The first British national has tested positive for coronavirus after travelling back to the UK from Singapore, government sources have said.
England’s chief medical officer earlier confirmed that there had been a third case in the UK but declined to confirm the patient’s nationality.
Government sources later indicated that the individual was British, middle-aged and contracted the coronavirus in Singapore.
It came after an unnamed Chinese student from York University and his mother were diagnosed with the disease earlier this week. The pair are being treated in Newcastle.
The latest case has heightened doctors’ concerns about the possibility of more coronavirus cases arriving from countries in Asia other than China, potentially making containment of the virus more difficult to manage.
No further details have been given of the third person to be confirmed with pneumonia as a result of the coronavirus.The patient, who it is understood was diagnosed in Brighton, has been transferred to a London hospital with a specialist infectious diseases unit
“A further patient has tested positive for coronavirus bringing the total number of cases in the UK to three. The individual did not acquire this in the UK,” said Prof Chris Whitty, England’s CMO, in a statement.
“The patient is being transferred to a specialist NHS centre, and we are using robust infection control measures to prevent any possible further spread of the virus. The NHS is well prepared to manage these cases and we are working quickly to identify any contacts the patient has had.”
Whitty pointed up the significance of the fact that the patient was infected in one of the 24 countries outside of China that have just 225 confirmed cases between them: “The person who caught this did not catch it in China, they caught it elsewhere in Asia. That’s an important point from an epidemiological point of view because, whilst it’s absolutely the case that by far the biggest risk remains in China … nevertheless there is now evidence of some limited transmission in a number of Asian countries.”
After a meeting of the scientific and advisory committee on Thursday morning, NHS doctors are being advised to widen the pool of countries that would trigger concern if individuals returning to the UK displayed symptoms.
Whitty said: “We’ve decided … based on transmission potential and travel patterns … to extend geographically the countries where if a doctor in the NHS sees a patient who has travelled from Asia, now they will start thinking about testing from a wider geographical area than would have been the case before. So we are shifting geography for NHS doctors to test.”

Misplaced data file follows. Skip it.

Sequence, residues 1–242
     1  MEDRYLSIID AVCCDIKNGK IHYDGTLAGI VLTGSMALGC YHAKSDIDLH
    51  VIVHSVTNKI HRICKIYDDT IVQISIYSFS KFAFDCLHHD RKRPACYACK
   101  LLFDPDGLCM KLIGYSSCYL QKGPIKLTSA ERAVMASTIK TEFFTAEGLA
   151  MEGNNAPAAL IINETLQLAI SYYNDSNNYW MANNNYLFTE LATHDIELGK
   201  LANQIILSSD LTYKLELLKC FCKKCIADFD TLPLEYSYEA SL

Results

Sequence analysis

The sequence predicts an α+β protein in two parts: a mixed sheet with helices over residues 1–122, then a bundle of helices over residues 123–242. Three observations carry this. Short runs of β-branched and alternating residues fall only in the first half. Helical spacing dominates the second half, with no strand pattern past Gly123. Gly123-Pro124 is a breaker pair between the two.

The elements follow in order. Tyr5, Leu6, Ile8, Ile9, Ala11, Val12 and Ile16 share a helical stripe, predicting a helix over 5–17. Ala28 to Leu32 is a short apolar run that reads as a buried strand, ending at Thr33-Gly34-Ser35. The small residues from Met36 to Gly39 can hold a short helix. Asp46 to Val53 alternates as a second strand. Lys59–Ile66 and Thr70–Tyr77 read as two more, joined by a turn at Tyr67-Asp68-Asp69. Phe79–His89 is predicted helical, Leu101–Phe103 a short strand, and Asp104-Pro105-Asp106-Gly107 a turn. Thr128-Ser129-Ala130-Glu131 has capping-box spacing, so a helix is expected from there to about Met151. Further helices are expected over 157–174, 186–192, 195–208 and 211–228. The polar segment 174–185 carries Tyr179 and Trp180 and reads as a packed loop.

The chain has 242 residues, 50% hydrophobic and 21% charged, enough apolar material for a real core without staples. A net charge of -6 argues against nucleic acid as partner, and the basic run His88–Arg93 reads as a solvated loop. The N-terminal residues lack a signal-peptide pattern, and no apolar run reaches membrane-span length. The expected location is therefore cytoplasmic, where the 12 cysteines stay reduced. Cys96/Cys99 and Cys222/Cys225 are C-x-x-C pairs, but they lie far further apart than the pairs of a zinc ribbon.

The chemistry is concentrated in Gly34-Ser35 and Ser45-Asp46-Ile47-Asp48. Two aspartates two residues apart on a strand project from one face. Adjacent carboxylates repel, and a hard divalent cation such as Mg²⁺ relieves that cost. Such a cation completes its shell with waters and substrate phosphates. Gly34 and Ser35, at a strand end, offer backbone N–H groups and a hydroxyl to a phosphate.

The advice for people returning to China to self-isolate and call 111 if they feel unwell is now being extended to all people returning to the UK from other Asian countries where cases have been reported. That will include the handful of countries with the most cases outside mainland China: Japan with 33, Thailand with 25, Singapore with 24, South Korea with 18 and Vietnam and Malaysia with 10 each. Australia has 13.
Whitty said: “We knew this ratchet up might well happen and this is the moment where we feel it’s prudent, getting ahead of the epidemiology, to make this shift.
“What we have got is a situation where very high risk remains in Wuhan and Hubei, a high risk in the rest of China, but much lower than in Wuhan and Hubei and then a much smaller risk in a number of countries, and unsurprisingly countries where the greatest risk is in terms of new cases are the ones which have the greatest international traffic with China, and that is exactly as you would expect.”
The news of travel-related transmission from another country into the UK is a game-changer for the response, said Dr Bharat Pankhania from the University of Exeter. “It’s a clear indication that this virus is now circulating in many countries,” he said. “That tells us that our control containment policies will need to be reviewed, as infected people may be entering the UK from countries other than China. The fact that we do not have any additional cases that were contacts of the initial two in the UK signals that our control policies appear to be working, although it’s still early days so we must continue our vigilance.”
The patient is understood to have been admitted to Guy’s and St Thomas’ hospital in London. .
The first two cases were people from the same family of Chinese nationals who had been staying at a hotel in York. One was a student at York University and the other was his mother who was visiting from China. They were diagnosed last Friday. The university said the student had not been on campus or in student accommodation before his infection.
In the UK, there had been 466 negative tests for coronavirus as of Wednesday. Before direct flights were halted by the Chinese government, 1,466 passengers and 95 staff arrived in the UK from Wuhan, the centre of the outbreak in China, between 10 and 24 January. All 1,304 who remained in the UK are now out of the incubation period for the virus.
“It is not surprising to see a third case. It has been expected that the UK would see more than just the two previous cases. Therefore, public health and NHS authorities will be well prepared to deal with and follow up on this news,” said Dr Michael Head, a senior research fellow in global health at the University of Southampton.
“Clearly the outbreak is at a very important point, both globally and here in the UK. It looks at this stage like the infection is imported, rather than acquired through human-to-human transmission within the UK. So far, outside of China, there has been very limited human transmission of the coronavirus, which is good news in terms of potentially being able to contain the international spread.”